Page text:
(a) I found the plant dried by fire-heat rather quickly very easily broken; but after re-saturation with water it recovered its tenacity, and was not subsequently improved by slow-drying at a distance from the fire. The amount of alkali used in bleaching linen appeared destructive to this fibre; but I should not like to state this positively, without another trial.
the corner-stone was laid, and now they had to congratulate themselves on its completion. There was one person, whose name was connected with this building, to whom he was not at liberty to refer; but this he would say in his father's name, that there was no man in public life, of whatever political party, who was more deeply and sincerely interested in this great question,-the question of the age,-the question of national instruction; no man more sincerely anxious to further instruction, and to raise all classes, especially the working classes, in the social scale. The Rev. Mr. Thorburn, M.A., read the report of the trustees on the building of the Athenæum, and also a statement of the classes now in operation. The architect, Sydney Smirke, Esq., had estimated the cost of the Athenæum at upwards of 4,000l. Towards this sum was supplementary sources, the sum of 4,4811. The expendiraised by public subscription, rent of Hall, and other ture had been, for contracts for the building and superintendence, 3,4681.; for fitting up furniture and other inatters, 1,0381; and for the bazaar and exhibition, 3681.; making a total of 4,8741.; and leaving a balance now due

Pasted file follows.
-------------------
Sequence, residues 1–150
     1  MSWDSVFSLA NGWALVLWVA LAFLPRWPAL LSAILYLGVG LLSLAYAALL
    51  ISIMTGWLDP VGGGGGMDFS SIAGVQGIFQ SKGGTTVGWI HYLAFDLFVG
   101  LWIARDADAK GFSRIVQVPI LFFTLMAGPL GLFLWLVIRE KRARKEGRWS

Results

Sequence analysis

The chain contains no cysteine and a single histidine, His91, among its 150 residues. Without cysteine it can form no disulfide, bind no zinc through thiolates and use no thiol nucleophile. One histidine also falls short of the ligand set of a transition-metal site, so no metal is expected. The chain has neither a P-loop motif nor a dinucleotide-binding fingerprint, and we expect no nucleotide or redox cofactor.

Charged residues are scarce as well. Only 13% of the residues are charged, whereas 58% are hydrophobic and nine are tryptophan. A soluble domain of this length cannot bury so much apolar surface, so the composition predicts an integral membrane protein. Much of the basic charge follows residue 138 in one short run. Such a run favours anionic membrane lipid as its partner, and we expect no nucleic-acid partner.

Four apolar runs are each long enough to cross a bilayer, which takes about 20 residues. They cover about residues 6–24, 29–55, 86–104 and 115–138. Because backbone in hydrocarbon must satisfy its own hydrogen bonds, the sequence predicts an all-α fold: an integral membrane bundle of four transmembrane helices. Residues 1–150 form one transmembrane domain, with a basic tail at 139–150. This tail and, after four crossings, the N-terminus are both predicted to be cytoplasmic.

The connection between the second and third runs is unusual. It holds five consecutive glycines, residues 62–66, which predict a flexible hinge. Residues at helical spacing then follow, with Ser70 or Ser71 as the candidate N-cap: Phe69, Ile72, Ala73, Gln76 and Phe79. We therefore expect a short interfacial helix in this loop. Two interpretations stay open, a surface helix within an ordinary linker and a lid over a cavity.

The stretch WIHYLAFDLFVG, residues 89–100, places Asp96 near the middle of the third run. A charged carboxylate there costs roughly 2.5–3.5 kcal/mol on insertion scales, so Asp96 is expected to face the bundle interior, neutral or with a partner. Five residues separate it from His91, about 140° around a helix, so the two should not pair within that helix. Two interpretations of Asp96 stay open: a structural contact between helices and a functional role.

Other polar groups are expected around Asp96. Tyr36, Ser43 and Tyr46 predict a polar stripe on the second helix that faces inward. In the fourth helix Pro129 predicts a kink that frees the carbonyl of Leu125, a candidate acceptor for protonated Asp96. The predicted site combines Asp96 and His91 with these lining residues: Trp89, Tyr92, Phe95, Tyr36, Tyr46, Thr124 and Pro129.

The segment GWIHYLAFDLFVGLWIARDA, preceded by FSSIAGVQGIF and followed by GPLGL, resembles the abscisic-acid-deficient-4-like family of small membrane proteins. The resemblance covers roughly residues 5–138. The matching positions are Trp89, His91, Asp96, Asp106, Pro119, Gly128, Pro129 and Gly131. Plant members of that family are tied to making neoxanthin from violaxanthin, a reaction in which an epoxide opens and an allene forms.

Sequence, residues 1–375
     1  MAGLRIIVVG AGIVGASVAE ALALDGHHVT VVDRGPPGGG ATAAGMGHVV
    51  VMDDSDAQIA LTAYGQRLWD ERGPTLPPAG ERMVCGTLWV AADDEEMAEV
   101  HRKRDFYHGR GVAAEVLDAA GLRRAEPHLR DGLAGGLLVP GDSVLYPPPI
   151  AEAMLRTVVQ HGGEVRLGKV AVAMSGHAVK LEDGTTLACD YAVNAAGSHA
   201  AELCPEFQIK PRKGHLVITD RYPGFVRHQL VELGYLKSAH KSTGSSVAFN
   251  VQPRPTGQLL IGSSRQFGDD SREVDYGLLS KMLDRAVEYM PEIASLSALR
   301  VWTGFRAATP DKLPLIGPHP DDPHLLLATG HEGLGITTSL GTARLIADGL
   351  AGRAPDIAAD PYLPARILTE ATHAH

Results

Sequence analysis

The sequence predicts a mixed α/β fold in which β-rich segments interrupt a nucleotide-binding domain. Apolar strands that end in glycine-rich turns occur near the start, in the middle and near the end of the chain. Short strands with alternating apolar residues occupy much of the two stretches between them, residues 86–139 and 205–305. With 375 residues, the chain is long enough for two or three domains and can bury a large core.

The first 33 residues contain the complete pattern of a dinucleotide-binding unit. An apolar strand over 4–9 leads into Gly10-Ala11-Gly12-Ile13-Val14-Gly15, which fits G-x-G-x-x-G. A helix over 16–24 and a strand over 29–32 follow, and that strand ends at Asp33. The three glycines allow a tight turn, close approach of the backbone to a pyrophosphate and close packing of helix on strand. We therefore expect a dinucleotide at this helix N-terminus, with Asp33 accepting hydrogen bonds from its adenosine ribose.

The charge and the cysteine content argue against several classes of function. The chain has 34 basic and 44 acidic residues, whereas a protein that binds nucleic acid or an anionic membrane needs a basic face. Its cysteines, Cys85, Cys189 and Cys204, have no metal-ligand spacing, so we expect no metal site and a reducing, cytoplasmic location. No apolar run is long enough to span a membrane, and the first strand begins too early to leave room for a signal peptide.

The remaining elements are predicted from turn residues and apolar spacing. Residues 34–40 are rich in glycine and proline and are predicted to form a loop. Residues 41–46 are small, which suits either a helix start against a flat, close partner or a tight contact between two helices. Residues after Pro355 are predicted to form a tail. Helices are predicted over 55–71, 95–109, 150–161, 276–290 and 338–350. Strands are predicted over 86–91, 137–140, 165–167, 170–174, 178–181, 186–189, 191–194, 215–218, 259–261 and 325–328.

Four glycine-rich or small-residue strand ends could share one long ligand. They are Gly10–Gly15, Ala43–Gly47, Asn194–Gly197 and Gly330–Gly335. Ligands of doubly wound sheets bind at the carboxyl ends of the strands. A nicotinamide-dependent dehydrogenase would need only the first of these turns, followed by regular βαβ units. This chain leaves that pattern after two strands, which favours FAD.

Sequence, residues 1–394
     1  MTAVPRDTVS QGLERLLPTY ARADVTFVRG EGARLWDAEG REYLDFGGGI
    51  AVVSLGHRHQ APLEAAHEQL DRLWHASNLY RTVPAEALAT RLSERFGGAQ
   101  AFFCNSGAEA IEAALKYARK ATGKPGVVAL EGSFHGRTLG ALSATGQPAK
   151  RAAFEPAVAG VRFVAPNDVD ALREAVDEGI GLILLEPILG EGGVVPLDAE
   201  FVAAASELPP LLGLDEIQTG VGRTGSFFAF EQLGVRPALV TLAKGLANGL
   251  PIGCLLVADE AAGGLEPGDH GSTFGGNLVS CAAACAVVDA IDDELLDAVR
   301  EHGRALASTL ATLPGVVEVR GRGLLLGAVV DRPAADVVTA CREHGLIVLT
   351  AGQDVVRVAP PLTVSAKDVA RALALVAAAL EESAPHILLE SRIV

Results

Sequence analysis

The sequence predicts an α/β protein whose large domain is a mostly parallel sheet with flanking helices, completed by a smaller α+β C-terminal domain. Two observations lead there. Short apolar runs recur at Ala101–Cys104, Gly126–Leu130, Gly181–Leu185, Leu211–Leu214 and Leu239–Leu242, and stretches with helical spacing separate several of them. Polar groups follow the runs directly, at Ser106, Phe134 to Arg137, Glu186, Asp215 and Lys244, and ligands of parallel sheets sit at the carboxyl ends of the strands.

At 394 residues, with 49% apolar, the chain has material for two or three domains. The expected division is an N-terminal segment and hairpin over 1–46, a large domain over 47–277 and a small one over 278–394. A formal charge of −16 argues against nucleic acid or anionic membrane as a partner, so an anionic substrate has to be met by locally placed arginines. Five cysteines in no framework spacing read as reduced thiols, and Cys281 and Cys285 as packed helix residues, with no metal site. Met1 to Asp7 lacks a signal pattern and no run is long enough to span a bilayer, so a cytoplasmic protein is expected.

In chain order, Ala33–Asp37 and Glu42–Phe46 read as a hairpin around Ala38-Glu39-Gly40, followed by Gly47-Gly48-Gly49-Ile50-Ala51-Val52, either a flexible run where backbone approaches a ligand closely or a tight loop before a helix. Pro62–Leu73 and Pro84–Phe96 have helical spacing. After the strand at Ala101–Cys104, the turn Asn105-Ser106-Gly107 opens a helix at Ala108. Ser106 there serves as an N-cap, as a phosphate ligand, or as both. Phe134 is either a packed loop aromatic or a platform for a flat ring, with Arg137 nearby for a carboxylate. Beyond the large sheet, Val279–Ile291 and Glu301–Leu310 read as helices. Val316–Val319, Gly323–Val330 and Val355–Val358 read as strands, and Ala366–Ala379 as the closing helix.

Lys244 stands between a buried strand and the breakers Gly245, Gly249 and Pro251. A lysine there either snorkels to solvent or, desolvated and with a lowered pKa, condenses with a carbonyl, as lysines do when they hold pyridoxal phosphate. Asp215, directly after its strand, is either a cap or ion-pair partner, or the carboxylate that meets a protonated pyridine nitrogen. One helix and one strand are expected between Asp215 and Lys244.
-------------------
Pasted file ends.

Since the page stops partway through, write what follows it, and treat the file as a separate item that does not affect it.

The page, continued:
to the treasurer of 3931. The Directors' report was then read, from which it appeared that in the first quarter of the Athenæum's operations, there were 454 members; in the second quarter, 587; in the third quarter, 584; and during the fourth, the present quarter, there were 700 members. The receipts up to the present time had been 4027., and the expenditure 3427.; leaving a balance of 521. The Rev. C. Richson then addressed the meeting on the advantages to be derived from Mechanics' Institutions and similar societies. The Bishop of Manchester dwelt on the duties of employers to the employed in assisting to provi1e better education for the operative classes generally. Mr. J. Cheetham spoke to the value of libraries in towns like this, and also of the importance of village libraries. The Rev. Dr. Vaughan spoke of the advantages of education, as the forerunner of a nation's great-lished in every institution. It was not creditable to ness; and alluded to those great but expired cities of bygone ages in illustration of the sentiment. Mr. Smith, of Liverpool, and Mr. Richard Fort, of Read Hall, also addressed the meeting.